Exercise Griffin Strike
Brexit

UK Removal From EU Defence Makes 'Bad Situation Much Worse'

A think tank says the EU faces "extensive capability gaps" on defence even with British participation.

Exercise Griffin Strike

The UK has worked with other nations on exercises such as Griffin Strike, in 2016 (Picture: MOD).

The European Union is "out of its depth" when it comes to its defence ambitions, even with British participation, a think tank has warned.

The European Union currently has a Common Defence and Security Policy, which sets out its ambitions to participate in peacekeeping and humanitarian missions across the globe.

The International Institute for Strategic Studies (IISS) and the German Council on Foreign Relations has concluded the EU faces "extensive capability gaps".

“Removing the UK from the picture renders a bad situation much worse,” the report adds.

WATCH: "Britain Is Europe's Military Superpower" Says Defence Secretary

The one area in which the authors believe the EU is performing without capability shortfalls is in rescue and evacuation operations and support for humanitarian-assistance operations.

However, without the Royal Navy’s contribution even this, they write, is put at risk.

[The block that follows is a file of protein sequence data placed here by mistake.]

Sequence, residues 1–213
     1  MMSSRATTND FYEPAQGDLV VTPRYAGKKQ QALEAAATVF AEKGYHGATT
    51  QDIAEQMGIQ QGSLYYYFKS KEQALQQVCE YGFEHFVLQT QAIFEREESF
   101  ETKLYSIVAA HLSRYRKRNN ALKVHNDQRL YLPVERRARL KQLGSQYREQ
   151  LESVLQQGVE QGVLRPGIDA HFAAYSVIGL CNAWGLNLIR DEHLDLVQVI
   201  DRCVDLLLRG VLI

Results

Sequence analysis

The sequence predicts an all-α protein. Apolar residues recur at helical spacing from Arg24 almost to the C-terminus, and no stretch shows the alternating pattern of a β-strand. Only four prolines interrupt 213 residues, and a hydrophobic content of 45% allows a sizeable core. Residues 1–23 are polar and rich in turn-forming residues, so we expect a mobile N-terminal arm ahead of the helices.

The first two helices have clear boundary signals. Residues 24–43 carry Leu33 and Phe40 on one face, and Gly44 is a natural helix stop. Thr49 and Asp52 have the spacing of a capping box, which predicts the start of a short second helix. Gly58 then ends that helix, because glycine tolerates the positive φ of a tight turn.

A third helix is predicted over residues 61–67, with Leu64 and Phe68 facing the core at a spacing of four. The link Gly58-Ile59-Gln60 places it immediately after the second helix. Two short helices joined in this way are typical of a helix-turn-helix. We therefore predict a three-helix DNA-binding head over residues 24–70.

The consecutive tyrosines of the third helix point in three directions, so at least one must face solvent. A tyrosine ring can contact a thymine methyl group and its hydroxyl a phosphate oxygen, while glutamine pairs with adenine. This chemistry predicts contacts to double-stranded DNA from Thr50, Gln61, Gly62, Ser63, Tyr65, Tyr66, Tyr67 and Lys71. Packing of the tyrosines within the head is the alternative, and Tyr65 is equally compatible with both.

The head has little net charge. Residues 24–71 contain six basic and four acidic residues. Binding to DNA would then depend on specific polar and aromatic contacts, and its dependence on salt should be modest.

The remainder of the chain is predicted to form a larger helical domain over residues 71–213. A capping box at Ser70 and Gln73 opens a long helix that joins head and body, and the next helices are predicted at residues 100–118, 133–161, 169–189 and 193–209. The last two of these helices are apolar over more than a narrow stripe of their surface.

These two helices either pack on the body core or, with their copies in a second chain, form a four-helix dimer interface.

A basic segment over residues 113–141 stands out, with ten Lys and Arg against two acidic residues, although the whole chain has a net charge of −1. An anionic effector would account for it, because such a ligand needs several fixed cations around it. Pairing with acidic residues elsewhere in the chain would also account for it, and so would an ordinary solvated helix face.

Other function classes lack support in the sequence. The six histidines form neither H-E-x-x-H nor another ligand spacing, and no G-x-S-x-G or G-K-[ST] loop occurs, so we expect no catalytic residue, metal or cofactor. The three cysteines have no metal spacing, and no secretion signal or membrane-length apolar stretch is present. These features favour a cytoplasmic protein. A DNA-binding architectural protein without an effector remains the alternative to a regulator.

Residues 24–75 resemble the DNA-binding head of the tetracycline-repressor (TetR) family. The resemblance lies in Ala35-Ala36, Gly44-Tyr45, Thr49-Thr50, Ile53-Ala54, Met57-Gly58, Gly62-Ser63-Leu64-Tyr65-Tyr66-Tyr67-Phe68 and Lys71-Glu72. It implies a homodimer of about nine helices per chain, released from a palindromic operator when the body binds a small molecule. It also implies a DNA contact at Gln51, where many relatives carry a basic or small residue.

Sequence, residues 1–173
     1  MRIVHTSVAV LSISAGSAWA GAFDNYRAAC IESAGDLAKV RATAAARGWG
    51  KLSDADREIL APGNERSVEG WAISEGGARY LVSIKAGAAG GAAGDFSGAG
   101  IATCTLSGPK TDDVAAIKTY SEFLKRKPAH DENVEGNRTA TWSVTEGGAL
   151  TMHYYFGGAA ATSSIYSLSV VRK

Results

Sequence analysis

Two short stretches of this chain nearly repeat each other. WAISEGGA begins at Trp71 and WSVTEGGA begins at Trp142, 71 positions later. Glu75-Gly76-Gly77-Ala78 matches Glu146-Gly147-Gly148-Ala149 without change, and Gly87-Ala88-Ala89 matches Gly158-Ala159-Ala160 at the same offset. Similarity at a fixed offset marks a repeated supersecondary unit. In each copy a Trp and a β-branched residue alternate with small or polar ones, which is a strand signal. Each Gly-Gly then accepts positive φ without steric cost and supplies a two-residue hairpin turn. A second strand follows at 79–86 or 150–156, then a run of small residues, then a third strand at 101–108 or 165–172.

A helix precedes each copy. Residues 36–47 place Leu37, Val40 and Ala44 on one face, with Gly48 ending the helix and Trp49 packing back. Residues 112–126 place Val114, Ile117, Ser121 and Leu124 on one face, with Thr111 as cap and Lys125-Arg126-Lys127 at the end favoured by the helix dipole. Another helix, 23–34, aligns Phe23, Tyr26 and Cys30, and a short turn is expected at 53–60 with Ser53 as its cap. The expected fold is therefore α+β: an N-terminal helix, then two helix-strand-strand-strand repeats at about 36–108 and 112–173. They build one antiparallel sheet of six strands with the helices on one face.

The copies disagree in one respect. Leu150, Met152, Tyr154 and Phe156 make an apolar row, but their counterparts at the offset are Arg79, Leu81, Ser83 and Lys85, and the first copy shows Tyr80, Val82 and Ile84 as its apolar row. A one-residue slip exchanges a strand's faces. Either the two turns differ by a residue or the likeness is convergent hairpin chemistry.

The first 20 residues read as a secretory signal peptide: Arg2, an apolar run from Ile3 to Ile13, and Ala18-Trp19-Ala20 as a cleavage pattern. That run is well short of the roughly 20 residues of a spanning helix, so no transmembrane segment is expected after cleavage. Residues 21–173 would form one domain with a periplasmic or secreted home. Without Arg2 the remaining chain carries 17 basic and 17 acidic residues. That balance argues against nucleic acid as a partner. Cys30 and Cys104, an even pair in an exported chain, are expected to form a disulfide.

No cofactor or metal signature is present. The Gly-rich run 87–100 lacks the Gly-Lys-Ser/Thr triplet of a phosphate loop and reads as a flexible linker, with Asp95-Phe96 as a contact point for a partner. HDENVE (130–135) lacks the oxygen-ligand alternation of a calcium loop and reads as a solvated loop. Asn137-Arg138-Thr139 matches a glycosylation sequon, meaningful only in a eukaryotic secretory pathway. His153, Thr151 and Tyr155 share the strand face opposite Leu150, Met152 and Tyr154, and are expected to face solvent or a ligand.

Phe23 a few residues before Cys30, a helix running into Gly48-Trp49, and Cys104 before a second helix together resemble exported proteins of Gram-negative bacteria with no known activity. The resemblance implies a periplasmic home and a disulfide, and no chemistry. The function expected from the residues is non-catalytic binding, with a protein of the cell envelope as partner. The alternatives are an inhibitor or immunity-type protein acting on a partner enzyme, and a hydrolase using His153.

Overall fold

Concern is also raised that ageing equipment is not being replaced.

 Exercise Trident Juncture
The recent Exercise Trident Juncture involved 31 nations including the UK.

Whilst support for a European Army has received strong support from France’s President Macron and other EU politicians, the British Government remains opposed.

Defence Secretary Gavin Williamson has dismissed suggestions that the UK could join a European army, and told the House of Commons on Monday:

"Let's make it absolutely clear: Britain is not going to be participating in a European army.”

Gavin Williamson in Edinburgh 291118 CREDIT BFBS.jpg
The Secretary of State was in Scotland for the naming of the new Type 26 frigate, HMS Edinburgh.

However, speaking later during a visit to Edinburgh, he made clear that whilst Britain had no plan to join an EU Army, the British Government would remain invested in the continent's security: "Britain has always played a major role in terms of defending not just continental Europe but bringing peace and stability right around the world.

"The cornerstone of defence for Europe and the North Atlantic is not the European Union, it's NATO that's delivered security in Europe for the last 69 years and that is something that Britain leads in.

"We are going to be continuing to invest more and more in defence over the next few years and this is something I think that everyone recognises is really important," he added.

US President Donald Trump has also criticised the proposed European Army, sending tweets aimed at French President Emmanuel Macron top voice his feelings.